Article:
Wednesday, September 9, 2009

A tough Sao Paulo grand slam to bid, unless...

Opener: AK109xx-xxx-AQ-Ax
Responder: Qxx-AQJ10x-x-KQJx

Half of the teams in the Bermuda Bowl found the grand in spades, half a small slam.

The easy opening is 1S.

Responder actually has a problem, IMO. On the one hand, the clear textbook call is 2H, for the obvious reason. However, 2C is really appealing. The suit is real, so there is no lie involved. If Opener happens to rebid 2H, tactics can change to a heart raise, if you want. However, after either a 2H or 2D rebid, the latter seeming likely, Responder can set trumps at 2S, which saves a lot of space for cuebidding. Personally, I really like 2C. Hold that thought for a moment...

Let's assume, however, a normal 2H response. Opener has problem #2. He wants to rebid his spades, especially with three small hearts and no honor. However, support with support seems to prevail. So, 3H it is.

Responder now has hearts set as trumps for cuebidding purposes. So, he cues 3S to show a spade honor. Opener, liking everything about his hand except the three small hearts, probably bids 3NT serious, although blasting 4NT makes sense, but this leads to an inferior small slam, it seems. After 3NT, Responder might sense troubles and take over himself, but how? 4NT still only answers the heart question. 4S, as RKCB but re-focusing spades for answers works, if Responder thinks this through. After a serious 3NT, slam will surely be bid. So, a 4S call, if a grand is there, will yield a response showing three Aces and the spade King. That's 11 easy tricks (five spades, four clubs, two aces), with assuredly a 12th coming from hearts or a diamond ruff. A grand try should result in acceptance if Opener has the heart King (with which he will be surprised to hear the 4S call) or a sixth spade. If Opener bids 7H, a correction to 7S works.

Thus, Responder ultimately needs to ignore the heart suit even after agreeing hearts.

Wow, is that difficult, though.

Back up to the 2C option. I tend to leap at 2C as my option whenever it is plausible, This hand shows another example of why.

I want to hear a 2D or 2H call and then to set trumps at the two-level. Instead, I hear 2S. Now, at least I know about the sixth spade already. As Responder, I set trumps by raising to 3S. Whatever happens, if I make sure that I ask questions, I will be able to count 12 easy tricks (the same four clubs, two Aces, and now six spades) and need only a doubleton diamond for the 13th, or the heart King, or the diamond King, or a finesse/squeeze decision.

So, strange as it seems, I again like the idea of temporarily ignoring five cards in the other major when you have three-card support for the opened major, when 2C as the GF is plausible. It almost always produces a better result in the long run.

Tough hand. The key to an easy auction is to ignore the hearts early on rather than to ignore the hearts later. People sometimes think I am insane for ignoring side five-card majors in these circumstances, but just think about and watch the results of doing this when you have problem auctions with this situation -- three-card support, five of the other major, and GF values. The auction is OFTEN screwy when you respond in the five-card side major, whereas the alternative auction is USUALLY easy and more successful.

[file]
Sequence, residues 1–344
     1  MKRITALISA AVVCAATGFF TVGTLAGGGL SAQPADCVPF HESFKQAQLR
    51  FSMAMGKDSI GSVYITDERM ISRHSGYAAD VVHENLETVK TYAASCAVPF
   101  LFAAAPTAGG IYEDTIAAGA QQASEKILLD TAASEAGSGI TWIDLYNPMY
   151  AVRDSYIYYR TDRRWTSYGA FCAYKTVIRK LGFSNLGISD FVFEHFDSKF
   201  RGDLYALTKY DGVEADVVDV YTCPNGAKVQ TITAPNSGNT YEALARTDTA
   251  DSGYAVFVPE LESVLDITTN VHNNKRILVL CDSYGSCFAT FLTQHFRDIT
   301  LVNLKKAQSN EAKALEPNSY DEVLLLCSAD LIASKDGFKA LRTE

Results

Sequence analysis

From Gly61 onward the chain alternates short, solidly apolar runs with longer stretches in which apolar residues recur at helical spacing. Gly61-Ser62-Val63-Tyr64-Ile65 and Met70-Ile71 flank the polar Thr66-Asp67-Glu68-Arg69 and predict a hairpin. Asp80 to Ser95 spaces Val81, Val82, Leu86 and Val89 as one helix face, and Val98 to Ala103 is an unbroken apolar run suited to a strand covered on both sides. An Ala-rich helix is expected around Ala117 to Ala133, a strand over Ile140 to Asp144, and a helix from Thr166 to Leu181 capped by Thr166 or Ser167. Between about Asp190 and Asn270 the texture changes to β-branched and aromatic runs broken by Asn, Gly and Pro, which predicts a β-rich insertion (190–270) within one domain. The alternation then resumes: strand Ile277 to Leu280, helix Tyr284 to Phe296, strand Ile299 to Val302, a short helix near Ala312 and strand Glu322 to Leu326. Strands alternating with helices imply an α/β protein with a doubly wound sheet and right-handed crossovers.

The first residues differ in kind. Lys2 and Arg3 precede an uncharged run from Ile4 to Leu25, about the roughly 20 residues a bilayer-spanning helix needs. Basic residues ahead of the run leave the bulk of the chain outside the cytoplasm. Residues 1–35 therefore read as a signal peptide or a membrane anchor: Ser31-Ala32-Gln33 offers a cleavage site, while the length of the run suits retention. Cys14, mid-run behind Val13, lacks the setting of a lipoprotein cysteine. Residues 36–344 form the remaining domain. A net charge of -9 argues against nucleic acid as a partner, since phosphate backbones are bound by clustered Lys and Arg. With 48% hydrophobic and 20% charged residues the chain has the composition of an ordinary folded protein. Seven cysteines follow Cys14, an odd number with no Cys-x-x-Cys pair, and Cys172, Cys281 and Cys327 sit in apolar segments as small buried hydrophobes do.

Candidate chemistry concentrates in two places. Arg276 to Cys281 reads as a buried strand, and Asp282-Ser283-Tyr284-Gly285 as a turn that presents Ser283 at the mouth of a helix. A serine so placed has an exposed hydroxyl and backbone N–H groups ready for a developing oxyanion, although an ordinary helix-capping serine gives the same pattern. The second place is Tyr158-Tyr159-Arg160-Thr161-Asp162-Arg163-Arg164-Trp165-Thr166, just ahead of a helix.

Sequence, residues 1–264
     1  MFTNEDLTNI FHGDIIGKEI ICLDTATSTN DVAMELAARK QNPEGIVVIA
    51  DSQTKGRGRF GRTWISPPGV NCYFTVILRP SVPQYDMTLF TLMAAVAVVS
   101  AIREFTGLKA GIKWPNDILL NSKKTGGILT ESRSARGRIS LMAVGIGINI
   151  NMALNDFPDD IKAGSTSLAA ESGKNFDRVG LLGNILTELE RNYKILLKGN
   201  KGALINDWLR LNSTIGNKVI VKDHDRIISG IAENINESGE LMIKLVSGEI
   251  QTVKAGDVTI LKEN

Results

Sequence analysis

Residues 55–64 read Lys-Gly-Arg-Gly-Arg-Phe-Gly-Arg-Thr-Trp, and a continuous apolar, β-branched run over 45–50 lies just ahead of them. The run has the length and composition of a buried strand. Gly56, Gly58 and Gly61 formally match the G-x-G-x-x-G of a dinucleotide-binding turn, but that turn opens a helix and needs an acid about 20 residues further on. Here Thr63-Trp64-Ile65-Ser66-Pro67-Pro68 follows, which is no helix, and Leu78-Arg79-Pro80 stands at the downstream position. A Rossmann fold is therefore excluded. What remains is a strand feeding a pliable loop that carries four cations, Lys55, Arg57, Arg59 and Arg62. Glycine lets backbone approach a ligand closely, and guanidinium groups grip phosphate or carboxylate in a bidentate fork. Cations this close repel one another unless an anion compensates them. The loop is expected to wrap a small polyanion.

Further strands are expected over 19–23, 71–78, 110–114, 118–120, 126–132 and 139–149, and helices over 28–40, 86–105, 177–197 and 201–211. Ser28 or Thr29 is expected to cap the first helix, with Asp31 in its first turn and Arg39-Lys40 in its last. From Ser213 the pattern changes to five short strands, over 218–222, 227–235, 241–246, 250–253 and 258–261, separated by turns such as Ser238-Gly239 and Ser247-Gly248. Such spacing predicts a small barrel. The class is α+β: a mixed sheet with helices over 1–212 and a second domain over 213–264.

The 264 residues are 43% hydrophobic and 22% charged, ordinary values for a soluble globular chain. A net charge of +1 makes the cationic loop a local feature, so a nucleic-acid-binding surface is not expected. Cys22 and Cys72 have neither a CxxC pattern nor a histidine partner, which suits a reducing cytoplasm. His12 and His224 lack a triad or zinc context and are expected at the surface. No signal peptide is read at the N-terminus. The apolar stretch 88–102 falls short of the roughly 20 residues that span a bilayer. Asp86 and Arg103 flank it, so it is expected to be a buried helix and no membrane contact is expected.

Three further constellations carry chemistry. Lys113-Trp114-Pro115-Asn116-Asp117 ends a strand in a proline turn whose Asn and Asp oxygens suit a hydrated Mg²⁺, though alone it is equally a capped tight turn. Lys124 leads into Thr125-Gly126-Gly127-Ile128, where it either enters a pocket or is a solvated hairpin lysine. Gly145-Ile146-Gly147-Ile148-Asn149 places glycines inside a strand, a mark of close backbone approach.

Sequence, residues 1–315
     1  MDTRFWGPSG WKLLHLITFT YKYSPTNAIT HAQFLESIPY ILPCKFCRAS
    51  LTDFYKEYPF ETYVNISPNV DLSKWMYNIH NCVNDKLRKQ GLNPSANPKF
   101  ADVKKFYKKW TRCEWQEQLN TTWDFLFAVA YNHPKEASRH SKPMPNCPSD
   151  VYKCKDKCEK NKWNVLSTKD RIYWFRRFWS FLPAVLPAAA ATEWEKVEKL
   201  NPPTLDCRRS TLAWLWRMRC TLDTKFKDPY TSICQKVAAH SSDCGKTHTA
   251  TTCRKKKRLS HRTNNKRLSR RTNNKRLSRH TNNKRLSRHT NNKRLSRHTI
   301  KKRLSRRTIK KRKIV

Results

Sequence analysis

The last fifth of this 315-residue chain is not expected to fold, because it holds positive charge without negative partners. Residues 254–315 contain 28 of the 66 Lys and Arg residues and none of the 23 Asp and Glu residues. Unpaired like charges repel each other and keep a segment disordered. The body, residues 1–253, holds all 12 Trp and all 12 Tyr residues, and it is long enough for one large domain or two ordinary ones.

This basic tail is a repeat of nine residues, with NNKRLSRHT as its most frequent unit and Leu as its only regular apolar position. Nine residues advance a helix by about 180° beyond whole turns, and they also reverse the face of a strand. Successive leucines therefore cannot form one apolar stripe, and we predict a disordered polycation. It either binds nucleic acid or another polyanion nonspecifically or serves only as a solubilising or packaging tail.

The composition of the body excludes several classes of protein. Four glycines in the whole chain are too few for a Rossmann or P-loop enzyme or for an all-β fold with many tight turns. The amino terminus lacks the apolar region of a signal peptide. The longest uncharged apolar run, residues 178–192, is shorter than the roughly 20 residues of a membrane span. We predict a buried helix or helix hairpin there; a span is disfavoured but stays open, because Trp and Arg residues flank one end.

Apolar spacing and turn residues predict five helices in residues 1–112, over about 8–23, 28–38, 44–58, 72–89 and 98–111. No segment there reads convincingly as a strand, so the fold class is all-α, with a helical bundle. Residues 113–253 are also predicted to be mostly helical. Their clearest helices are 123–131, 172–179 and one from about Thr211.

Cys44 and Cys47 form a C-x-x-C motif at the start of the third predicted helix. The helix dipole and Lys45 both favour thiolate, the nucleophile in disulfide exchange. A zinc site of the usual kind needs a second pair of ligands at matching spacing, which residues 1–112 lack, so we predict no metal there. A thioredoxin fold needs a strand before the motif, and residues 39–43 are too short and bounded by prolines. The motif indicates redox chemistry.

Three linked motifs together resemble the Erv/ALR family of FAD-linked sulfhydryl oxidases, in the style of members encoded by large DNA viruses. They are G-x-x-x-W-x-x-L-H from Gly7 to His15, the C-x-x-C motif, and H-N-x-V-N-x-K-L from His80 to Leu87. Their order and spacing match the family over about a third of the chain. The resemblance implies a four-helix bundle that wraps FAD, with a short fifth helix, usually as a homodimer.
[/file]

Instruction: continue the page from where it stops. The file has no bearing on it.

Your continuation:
Nigel Kearney said...

3 of opener's suit should always be natural after a 2/1.

While there is nothing wrong with 2C on the example hand, responder does need to show where his values lie when holding 3 card support.

I'd respond 2H with Qxx KQ10x Kx Axxx because I want to help partner evaluate.

Kenneth Rexford, Esq. said...


There is normally a different debate in which I take a very strong position. No bouncing back and forth between the majors. IMO, 1S-2H-3H sets hearts as trumps, period. 3S is then a cue, in my thinking.

Here's why I believe this.

First, consider the classic hand. Ax-AKQxx-xxx-xxx. Partner opens 1S, you bid 2H, and partner bids 3H. What now?

If serious 3NT is your answer, reduce the heart quality and add in quacks in the minors.

If you cannot simply cue spades, without establishing fit, you give up the perhaps most important cue to partner -- a cue of his spade suit. You end up with no one able to cue spades. If you can cue spades, via an artificial 3NT, you lose serious or frivolous, as the partnership desires.

What about K-AKxxx-Qxx-Jxx? Simple 4H? Add another couple of minor cards until a signoff is out.

What about KQ-KQxxx-QJxx-QJ?

If you take the position that 3S overrides the heart suit (such that hearts could be a four-card suit as in your example), this is different and might have some benefit when you have spades, at the cost of when you have hearts. So, is this a real benefit?

Take your example of Qxx-KQ10x-Kx-Axxx. If you bid 2H, you know that you will never support spades until the 3S level. But, if that call promises that 2H was an anticipatory pre-cue, then you have gained an ability to "cue" below 3S, in a sense.

So, I suppose this does help in theory in the spade sequences more than usually, at the same cost for heart sequences.

But, even if that theory works, is it still the right approach with this hand? After a 2H response, a raise, and a correction to 3S, you have "cue'd hearts" on route to 3S. You do not, however, have the information regarding the sixth spade. If you take control, you will be able to count out five spades, four clubs, a diamond, a heart, and a diamond ruff, for 12 tricks, but the missing heart King will leave you with no clear direction to bid 7. If partner takes over, he can count six spades, the two red Aces, maybe a single diamond ruff if he somehow learns of your stiff, two clubs if he learns of the KQ in clubs somehow, but he will never see the 13th trick from clubs.

So, on this hand, 2C certainly seems better, as you seem to agree.